Monday 26 October 2020

Mathura court admits plea to remove mosque that shadows birthplace of Krishna

The Mathura temples, including the one built where Lord Krishna was born, were destroyed multiple times by Muslim invaders, the last of all by Mughal emperor Aurangzeb in 1670

A local court in Mathura today admitted a plea that seeks to remove a mosque adjacent to the Krishna Janmabhoomi. The court of District Judge Sadhna Rani Thakur has fixed 18 November as the next date of hearing in the case.

Earlier, a civil court in Mathura had dismissed the plea seeking an order to remove the Shahi Idgah mosque.

In her 30 September order, Judge Chhaya Sharma had said that Lord Krishna had countless devotees but if every devotee was allowed to file a suit like this, it would jeopardise the judicial and social system.

Hari Shankar Jain, the lawyer for the petitioners, said Judge Thakur had observed that in case the trustees were not approaching the court, the devotees could. He maintained the Place of Worship (Special Provisions) Act, 1991, did not apply to the case.

Lucknow-based advocate Ranjana Agnihotri and seven others — on behalf of the child deity Bhagwan Shri Krishna Virajman — have filed the suit. The Uttar Pradesh Sunni Central Waqf Board and the Committee of Management of Trust of Shahi Idgah are the defendants in the suit. The Shri Krishna Janmabhoomi Trust, Mathura, and Shri Krishna Janma Sthan Seva Sansthan are parties to the legal dispute too.

The suit seeks cancellation of the decree passed in July 1973 by Civil Judge, Mathura, and recovery of 13.37 acres of land situated within the area of the temple.

When Muslim invaders seized Mathura, the first capital of Lord Krishna

The Krishna Janmasthan Temple Complex is a group of Hindu temples in Mallapura in Mathura of Uttar Pradesh. These temples are built around the place where Lord Krishna was born. Documented history says the place has held religious significance since the 6th century BC.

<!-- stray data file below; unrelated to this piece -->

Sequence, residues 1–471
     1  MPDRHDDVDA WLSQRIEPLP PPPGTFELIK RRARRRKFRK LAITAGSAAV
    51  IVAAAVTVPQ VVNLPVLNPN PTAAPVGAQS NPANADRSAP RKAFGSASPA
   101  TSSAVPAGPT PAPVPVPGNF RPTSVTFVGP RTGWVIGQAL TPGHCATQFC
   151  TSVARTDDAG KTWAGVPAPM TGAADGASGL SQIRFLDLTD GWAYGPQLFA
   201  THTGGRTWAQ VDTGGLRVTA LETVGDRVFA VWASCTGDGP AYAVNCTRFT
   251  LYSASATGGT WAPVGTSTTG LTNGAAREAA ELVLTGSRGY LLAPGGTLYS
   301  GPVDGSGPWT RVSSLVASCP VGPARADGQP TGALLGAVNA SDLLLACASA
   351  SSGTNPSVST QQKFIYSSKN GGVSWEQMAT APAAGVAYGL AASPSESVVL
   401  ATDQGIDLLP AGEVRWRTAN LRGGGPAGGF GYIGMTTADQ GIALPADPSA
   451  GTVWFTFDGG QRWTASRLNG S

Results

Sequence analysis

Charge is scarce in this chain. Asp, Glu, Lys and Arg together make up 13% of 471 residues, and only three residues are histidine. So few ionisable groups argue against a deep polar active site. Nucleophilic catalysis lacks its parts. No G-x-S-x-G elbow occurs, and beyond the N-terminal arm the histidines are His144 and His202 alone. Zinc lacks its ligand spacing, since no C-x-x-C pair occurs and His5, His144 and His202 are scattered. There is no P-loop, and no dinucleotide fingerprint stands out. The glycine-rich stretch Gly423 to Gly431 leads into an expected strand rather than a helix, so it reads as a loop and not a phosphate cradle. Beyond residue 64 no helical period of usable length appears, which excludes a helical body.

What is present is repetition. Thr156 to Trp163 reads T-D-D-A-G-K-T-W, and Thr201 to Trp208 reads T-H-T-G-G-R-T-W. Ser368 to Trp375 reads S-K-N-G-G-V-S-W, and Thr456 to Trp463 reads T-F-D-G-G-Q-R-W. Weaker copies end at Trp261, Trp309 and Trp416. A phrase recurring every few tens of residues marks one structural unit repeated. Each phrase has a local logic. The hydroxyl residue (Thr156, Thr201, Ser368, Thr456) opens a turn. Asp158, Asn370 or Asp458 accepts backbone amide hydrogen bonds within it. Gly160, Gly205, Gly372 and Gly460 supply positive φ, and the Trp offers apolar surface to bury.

Muslims destroyed the Mathura temples multiple times throughout history. The last of them was Mughal emperor Aurangzeb in 1670. He had destroyed the temple and erected Shahi Eidgah Masjid there.

Mughal prince Dara Shikoh had patronised the temple and donated a railing to the temple. The railing was removed by Mathura governor Abdun Nabi Khan on the order of Mughal emperor Aurangzeb and he built Jama mosque on the ruins of a Hindu temple in the city center. During the Jat rebellion in Mathura, Abdul Nabi Khan was killed in 1669. Aurangzeb attacked Mathura in repsonse and destroyed the Keshavdeva temple in 1670, later building the Shahi Eidgah on part of its area. Its idols were meanwhile buried beneath the steps of the Jahanara mosque in Agra.

An underground cell believed to be the place of Krishna’s birth is located behind the Eidgah qibla (another name for Ka’bah, also an honorific) wall. In the 20th century, the new temple complex was built with the financial help from industrialists containing the Keshavdeva temple, the Garbha Griha temple at the birthplace and the Bhagavata Bhavan.

Srimadbhagavata and Mahabharata hold that, after slaying Kamsa, Krishna and His elder brother Balarama defended Mathura from repeated attacks by Jarasansha and Shishupala. While the divine brothers defeated the attackers in every battle, the lord decided to move to Dwaraka (now submerged beneath the Arabian Ocean adjacent to the coast of Gujarat) to spare the people of Mathura the woes of frequent wars.

Krishna is the supreme deity for the Vaishnava sect of Hinduism. According to Todd M Johnson and Brian J Grim’s The World’s Religions in Figures: An Introduction to International Religious Demography, Vaishnavas constitute the largest sect in Hinduism. Other sects of Hindus, namely Shaivas, Shaktas, Smarthas, etc, revere Lord Krishna too.

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